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on the clock_ Words/ Siobhán Moylan Photography/ Craig Golding

6.04 am: A third horse is hosed down; every day offers something different. “If your horse is racing, it’s really busy. You have to make them look pretty; you can’t send your horse to the races looking like a paddock horse – they have to look like champions.” 6.16am: As he leads a horse away from the taps, a chocolate bar emerges from Benn’s pocket. “This and maybe an energy drink will keep me sane until I have a real breakfast at home later.” Benn wants to get the horses fed, watered and warmed up before tending to himself. “That’ll do me fine; the horses come first.”

on the clock

8.37am: Beach time. Once a week, the horses are loaded onto a large float and taken to the beach at Botany Bay. As jet airliners land and take off in the background, the horses walk breast deep through the water. It’s a welcome trip out for the horses, as well as for Benn. “They love it – it’s like going to a theme park or a candy store for them.”

A day in the life of Timothy Benn

10.05am: The strappers have a couple of hours to themselves before returning for the afternoon shift. “I have breakfast when I get home; sometimes I have a sleep, but usually I go for a run. I start at Clovelly and run to Coogee Beach.” No run today, though; instead his energies are poured into cleaning his room at home.

Strapper at Royal Randwick Racecourse

2pm: Back at the stables, the morning duties are repeated. “Being a strapper is hard work, but it’s like anything – what you put in is what you get out. If you work hard the boss looks after you,” says Benn. Not that he works for the financial gain: “We don’t get paid much [most strappers earn between $560 and $740 per week]; you’d be a fool to do it for the money.”

2.30am:

Most Sydneysiders are deep in sleep when 21-year-old strapper Timothy Benn’s alarm sounds. “Usually, I hit the snooze button a few times; it’s lucky I live with my foreman, Amanda. She gets me up and we drive in together.” It’s a quick eight-minute trip from his home to Randwick Racecourse, where he has worked for three years, six days a week, as a strapper – his first job. “My grandfather was a jockey, my greatgrandfather was a trainer – the job is in my blood.” 3.34am: The moon hangs high and the stars shine down on the strappers filing through the gate at John O’Shea Racing Stables. Benn turns on his boot heel towards the stables; there’s work to be done. As a strapper, he’s responsible for washing, feeding, grooming and caring for his horses. First order of the day is to take the horses’ temperatures, check feed bins and muck out the boxes (stables). “The box is like the horse’s house, so the bedding has to be kept clean. I feel I’ve done my job if the box is done properly,” says Benn, forking through the straw. 4.03am: The halters are on now; Benn leads a lean thoroughbred mare gently onto the walker, a large round conveyor belt for horses. “Horses are like any other athlete; they need to be warmed up, so they get half an hour on the walker each morning,” he says. “This one will be galloping this morning, so her joints need to be ready.”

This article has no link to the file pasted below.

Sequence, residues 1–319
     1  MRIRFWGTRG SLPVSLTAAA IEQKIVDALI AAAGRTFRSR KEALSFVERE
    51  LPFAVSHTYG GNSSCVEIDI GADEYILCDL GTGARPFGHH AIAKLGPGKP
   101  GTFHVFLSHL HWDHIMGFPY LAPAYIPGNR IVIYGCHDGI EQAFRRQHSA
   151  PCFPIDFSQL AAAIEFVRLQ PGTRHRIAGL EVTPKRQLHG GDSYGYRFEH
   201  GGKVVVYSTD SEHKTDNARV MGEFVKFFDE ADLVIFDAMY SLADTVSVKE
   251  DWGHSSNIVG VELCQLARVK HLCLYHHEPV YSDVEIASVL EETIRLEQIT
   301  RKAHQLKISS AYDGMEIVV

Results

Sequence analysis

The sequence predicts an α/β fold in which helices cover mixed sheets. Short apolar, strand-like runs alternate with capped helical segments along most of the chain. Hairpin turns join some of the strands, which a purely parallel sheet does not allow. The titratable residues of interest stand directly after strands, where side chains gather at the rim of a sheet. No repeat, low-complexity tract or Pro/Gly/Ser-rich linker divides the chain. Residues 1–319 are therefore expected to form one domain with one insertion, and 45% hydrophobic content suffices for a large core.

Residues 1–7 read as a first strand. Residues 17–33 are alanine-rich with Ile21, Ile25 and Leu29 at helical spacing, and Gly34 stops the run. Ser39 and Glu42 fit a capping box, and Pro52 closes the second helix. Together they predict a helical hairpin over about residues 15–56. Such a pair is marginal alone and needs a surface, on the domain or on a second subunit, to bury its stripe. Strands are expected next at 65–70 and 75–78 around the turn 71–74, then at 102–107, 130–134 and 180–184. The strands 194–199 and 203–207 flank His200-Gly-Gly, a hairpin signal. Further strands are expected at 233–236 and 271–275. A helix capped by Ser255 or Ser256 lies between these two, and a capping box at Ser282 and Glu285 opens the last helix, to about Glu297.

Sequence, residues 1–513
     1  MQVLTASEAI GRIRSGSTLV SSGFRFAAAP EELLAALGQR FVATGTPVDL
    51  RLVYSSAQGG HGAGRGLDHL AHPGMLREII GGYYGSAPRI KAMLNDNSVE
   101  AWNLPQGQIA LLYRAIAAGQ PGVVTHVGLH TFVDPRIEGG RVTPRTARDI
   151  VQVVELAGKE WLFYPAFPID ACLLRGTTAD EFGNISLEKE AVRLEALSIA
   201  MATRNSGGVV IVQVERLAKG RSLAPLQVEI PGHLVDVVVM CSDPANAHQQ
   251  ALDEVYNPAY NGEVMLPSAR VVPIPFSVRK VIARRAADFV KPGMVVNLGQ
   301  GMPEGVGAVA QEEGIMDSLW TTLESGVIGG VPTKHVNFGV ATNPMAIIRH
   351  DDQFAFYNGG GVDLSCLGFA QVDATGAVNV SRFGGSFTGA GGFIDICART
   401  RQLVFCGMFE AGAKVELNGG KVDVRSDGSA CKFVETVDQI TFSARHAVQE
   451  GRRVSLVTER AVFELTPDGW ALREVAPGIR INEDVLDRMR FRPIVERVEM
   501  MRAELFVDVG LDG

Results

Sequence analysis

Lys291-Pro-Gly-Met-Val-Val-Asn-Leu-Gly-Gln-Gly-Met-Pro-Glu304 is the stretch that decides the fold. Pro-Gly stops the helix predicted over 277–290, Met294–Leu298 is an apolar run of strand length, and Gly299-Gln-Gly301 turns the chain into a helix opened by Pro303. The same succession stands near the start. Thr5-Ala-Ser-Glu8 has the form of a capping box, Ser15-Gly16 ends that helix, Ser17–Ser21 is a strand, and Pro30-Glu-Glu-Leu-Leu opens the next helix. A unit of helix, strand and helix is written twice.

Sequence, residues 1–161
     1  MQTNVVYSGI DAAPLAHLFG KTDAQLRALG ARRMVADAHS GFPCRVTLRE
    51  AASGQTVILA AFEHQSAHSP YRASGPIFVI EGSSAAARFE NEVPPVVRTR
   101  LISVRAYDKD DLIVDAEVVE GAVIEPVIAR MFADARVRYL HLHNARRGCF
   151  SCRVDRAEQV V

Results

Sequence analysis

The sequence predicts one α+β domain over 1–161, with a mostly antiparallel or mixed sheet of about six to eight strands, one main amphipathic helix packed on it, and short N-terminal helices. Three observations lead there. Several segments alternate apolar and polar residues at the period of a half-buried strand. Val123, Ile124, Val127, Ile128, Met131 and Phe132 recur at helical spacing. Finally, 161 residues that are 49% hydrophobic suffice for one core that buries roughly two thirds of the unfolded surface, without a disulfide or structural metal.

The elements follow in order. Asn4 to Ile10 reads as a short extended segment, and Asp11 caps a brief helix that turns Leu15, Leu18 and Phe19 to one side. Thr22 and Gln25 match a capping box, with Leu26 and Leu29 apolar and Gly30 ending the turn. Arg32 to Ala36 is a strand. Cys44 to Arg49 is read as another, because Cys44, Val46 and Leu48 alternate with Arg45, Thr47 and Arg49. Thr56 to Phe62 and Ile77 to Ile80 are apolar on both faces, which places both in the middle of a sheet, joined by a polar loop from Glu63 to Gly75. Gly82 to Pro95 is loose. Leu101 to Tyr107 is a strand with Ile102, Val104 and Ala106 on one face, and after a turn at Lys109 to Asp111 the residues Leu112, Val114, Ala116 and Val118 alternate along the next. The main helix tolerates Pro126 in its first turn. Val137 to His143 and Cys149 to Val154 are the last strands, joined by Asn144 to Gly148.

4.33am: There are 63 horses at O’Shea’s stables, four of them in Benn’s care: Rosewall, Showpony Express, Rich and Famous, and Ashokan. “They all have nicknames,” says Benn, as does he. “They call me Timmy Tears. I had one horse, Racing to Win; I had him for two years. When he won the Theo Marks Stakes, I ended up crying for ages,” he says. “I was just so happy that a horse of his calibre won, and that I was his strapper.”

“My grandfather was a jockey, my greatgrandfather was a trainer – the job is in my blood.”

5.21pm: It’s knock-off time and Benn is ready for it. “Sometimes I feel like a zombie, but you get used to it.” Tonight, he’s finishing on time but he often stays back later. “I like to make sure I get things right. I don’t have a girlfriend, so I can get home whenever I want. It’s hard to have a relationship because of the hours I work.” 8.30pm: Usually he’d be asleep by nine, but tonight Benn and the other strappers head up to the pub for dinner and a game of pool. “We’re pretty social. You can’t do this job if you don’t love the game, the races and the horses. I’m lucky – I love it all.”

5am: It’s time to saddle the horses that get a run today. Benn would have loved to have been a jockey but at 73 kilograms and 175 centimetres, there was little chance. “I was upset about it for about a day, then I got over it.” Luckily, there’s no weigh-in to be a top trainer, his dream. “Put it this way – if I win half as many Melbourne Cups as Bart Cummings, I’ll be over-achieving my life’s goal.” Benn leads a different mare to the shower block and picks up the hose. “Shower time,” he says. 5.37am: Water sprays over the horse and Benn gets his share. Unaffected by the chill in the air, he darts about, quipping with his fellow strappers. Although his job is about the relationship with the horses, Benn gets plenty of company. “We never stop talking and joking around here; some of these guys are like family to me.” The sun shows signs of rising. “While others are in bed, we’re lucky enough in this job to see the sunrise every day. I’ve seen some beauties.” Who would you like to see in On the Clock? Email us at thesydneymagazine@smh.com.au

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On the clock